The success we have had since the company started has meant that we are now in a position to start exploring opportunities that go beyond our core business. We have a strong vision that unites us as a business, and we are very firmly focused on our continued growth.
You added industry veteran John Rissik to your team last year. What has he brought to the table?
I worked with Jon at EA a number of years ago and I’m delighted to be working with him again today. He has a wealth of marketing expertise as well as more than twelve years of gaming industry experience.
Jon is a consumer-focused marketer, with exceptional knowledge of what makes a hit game. He’s well versed in how to launch and grow premium brands and he also has a strong network of connections across the industry, which has helped drive talent to our business.
How has does your DLC strategy work?
The DLC content lies at the heart of this hobby. Rail enthusiasts are passionate about building collections that are reflective of their own personal interests. Although all of our players are experiencing the same core tech, the variety and volume of DLC on offer allows them to customise their experience to suit their passion.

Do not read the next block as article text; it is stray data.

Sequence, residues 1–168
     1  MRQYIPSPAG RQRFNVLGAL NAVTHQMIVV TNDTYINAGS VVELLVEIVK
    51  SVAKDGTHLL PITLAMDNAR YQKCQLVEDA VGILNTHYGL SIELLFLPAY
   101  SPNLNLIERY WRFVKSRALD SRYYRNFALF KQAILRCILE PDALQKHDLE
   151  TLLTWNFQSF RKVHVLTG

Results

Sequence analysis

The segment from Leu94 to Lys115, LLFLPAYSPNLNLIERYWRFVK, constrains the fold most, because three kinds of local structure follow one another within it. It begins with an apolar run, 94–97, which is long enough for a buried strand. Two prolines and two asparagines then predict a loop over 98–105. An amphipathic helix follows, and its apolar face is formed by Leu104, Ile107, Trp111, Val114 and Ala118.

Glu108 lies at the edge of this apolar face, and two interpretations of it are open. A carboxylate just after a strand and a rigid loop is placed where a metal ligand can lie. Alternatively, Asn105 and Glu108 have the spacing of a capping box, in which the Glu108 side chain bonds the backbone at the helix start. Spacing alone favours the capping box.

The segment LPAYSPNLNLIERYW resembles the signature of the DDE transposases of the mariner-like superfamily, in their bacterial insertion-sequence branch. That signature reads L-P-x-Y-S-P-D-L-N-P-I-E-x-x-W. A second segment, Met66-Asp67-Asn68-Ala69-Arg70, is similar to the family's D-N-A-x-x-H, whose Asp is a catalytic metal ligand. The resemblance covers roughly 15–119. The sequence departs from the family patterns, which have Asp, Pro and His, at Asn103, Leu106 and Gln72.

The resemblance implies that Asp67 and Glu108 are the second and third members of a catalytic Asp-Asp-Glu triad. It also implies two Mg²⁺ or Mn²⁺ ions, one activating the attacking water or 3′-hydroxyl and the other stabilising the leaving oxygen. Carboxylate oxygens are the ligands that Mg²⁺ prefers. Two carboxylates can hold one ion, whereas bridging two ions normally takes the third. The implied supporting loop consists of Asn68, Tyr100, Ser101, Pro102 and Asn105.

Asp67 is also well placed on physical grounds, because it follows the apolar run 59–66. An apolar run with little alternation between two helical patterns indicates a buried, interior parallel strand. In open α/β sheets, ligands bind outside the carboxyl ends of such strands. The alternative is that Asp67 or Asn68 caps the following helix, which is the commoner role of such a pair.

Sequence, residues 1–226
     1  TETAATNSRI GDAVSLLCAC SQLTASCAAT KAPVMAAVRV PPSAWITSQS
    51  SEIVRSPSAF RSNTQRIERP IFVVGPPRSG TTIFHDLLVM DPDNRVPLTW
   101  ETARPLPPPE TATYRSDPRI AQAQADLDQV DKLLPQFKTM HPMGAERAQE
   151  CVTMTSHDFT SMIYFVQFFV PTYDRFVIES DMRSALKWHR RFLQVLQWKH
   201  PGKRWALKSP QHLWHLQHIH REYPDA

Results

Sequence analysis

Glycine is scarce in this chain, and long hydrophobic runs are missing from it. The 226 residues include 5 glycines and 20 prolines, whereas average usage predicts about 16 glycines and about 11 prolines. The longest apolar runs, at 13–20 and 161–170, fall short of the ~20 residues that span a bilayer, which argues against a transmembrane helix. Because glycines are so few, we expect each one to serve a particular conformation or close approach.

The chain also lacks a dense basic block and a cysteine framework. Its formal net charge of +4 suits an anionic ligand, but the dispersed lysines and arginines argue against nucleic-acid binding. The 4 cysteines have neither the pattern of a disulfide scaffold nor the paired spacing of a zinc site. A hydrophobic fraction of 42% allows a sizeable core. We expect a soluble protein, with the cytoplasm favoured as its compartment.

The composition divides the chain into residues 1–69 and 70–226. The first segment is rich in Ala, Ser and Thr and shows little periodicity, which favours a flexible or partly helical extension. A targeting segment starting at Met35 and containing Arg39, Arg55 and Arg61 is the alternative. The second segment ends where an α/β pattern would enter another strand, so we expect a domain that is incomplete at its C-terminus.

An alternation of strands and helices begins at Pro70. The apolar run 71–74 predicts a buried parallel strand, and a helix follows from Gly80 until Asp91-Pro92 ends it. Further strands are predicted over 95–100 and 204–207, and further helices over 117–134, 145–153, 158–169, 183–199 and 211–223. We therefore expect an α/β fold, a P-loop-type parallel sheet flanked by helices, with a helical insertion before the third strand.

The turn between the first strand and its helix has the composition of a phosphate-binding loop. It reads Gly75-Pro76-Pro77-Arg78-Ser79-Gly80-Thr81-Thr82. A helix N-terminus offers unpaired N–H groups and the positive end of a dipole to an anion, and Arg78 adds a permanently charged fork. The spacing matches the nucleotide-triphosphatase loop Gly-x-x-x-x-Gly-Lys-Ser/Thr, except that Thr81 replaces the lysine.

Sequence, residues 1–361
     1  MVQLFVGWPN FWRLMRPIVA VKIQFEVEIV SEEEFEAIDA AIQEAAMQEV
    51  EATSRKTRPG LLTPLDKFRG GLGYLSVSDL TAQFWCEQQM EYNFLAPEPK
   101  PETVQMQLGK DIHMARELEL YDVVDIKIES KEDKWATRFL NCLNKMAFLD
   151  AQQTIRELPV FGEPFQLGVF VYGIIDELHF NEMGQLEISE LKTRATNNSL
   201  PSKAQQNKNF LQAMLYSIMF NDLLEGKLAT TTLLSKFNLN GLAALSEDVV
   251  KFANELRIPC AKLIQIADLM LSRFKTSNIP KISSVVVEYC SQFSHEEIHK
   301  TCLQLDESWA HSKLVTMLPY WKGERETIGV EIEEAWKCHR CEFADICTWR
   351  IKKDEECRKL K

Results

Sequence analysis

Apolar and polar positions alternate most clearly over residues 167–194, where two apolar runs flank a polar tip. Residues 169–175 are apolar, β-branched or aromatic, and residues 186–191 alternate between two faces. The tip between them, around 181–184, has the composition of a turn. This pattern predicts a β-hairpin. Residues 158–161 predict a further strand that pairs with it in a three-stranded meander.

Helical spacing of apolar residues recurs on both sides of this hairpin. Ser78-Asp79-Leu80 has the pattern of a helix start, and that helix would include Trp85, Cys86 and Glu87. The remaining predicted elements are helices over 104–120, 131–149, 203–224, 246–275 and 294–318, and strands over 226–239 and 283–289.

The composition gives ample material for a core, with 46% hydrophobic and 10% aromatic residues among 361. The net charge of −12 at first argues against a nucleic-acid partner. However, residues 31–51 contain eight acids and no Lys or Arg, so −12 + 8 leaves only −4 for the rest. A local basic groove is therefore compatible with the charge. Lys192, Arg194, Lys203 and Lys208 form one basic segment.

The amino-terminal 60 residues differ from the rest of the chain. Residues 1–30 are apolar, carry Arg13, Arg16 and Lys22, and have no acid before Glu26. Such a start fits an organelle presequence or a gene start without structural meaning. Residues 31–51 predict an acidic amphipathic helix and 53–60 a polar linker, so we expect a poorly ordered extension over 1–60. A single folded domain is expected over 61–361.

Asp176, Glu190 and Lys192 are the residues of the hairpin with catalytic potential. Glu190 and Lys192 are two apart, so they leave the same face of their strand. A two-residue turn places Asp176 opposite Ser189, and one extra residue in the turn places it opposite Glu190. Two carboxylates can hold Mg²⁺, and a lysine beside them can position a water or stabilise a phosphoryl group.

Train fans tend to be very particular about what they like. Some want to drive electric trains travelling at upwards of 300 km/h, while others would rather drive steam trains on heritage lines. Some of our players are fanatical about German or US rail, while others don’t want to drive routes outside the UK. We currently make more than 120 pieces of content available to players and we have a lot more in the pipeline. We hope there is something in our portfolio of content to suit every taste.
Why bother releasing a full game every year at all then? Why not just update your games via DLC and patches?
Releasing a new game is an opportunity to bring new players into our offering. Rather than just issuing an upgrade, it also gives us a focal point for our marketing and sales efforts and allows us to communicate with potential players at all the various points in the marketing journey, right up to point of purchase.
Is physical retail just not interesting to you at all?